This is a great place to start! He also makes an appearance in American Alien (which is a personal favorite of mine)

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I’m really excited to read this. I’ve only read one Lobo story (it think it was a holiday themed one, but I can’t remember). This looks awesome!

Sigh, I’m really messing up a lot with typos today!

*I think it was…

“What was your first interaction with the character Lobo?”

Like others have said, my first interaction with Lobo was in Superman: The Animated Series, and I thought he was okay, but because of that, I kind of got the feeling that I would just not care for him as a solo character. You know how people will always talk about how annoying Deadpool is over in Marvel? Lobo is ten times worse. He’s good as a side character, a good foil for characters like Superman and the Justice League, I’m sure he’ll be great on that front in Krypton, but I felt like he would get old extremely quickly in his own solo story.

Reading this book changed my mind…slightly. I figured I’d just read the first issue and be done for the night, but I tore through all four issues within a single sit down. I still can’t fathom how this character had an ongoing book for SIXTY-FOUR freaking issues, but mini-series and one-offs, short bursts of the character can be entertaining. For me, I think a big part of it was Simon Bisley’s art, which is crude and ugly in all the best ways.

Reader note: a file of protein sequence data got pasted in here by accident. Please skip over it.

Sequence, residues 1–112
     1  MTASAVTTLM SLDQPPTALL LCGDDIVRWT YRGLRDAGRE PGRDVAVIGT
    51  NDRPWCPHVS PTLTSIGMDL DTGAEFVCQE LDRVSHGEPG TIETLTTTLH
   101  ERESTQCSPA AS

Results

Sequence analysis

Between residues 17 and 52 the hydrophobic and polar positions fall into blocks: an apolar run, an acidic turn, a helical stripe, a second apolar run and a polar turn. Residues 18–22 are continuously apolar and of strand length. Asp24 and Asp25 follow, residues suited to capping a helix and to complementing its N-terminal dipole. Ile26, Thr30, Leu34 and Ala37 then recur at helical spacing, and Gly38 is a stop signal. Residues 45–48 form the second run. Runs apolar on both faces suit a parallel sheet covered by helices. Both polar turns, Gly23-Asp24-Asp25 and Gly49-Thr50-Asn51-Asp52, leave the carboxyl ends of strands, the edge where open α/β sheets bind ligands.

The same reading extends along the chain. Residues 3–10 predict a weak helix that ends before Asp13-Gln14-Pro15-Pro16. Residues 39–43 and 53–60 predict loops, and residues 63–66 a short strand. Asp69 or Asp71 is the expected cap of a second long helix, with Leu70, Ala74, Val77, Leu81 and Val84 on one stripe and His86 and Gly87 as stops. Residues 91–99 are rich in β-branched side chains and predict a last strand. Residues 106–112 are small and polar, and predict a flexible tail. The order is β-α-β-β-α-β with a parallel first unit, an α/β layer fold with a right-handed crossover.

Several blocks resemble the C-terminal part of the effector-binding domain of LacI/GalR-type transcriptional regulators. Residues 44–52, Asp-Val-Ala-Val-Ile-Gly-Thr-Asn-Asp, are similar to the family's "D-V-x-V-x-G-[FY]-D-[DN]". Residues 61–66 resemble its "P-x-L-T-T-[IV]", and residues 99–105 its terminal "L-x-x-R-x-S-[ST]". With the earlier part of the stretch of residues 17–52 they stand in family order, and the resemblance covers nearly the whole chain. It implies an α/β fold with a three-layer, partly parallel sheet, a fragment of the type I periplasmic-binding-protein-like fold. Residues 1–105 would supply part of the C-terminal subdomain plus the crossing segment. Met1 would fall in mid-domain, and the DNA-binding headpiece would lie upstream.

“What issue was your favorite? What was your favorite part?”

My favorite was probably the whole ballet of death sequence, taking something that this epitome of crass, uncultured, machismo swine would find stupid and mixing it with the blood and guts of what makes him entertaining does make for some great art.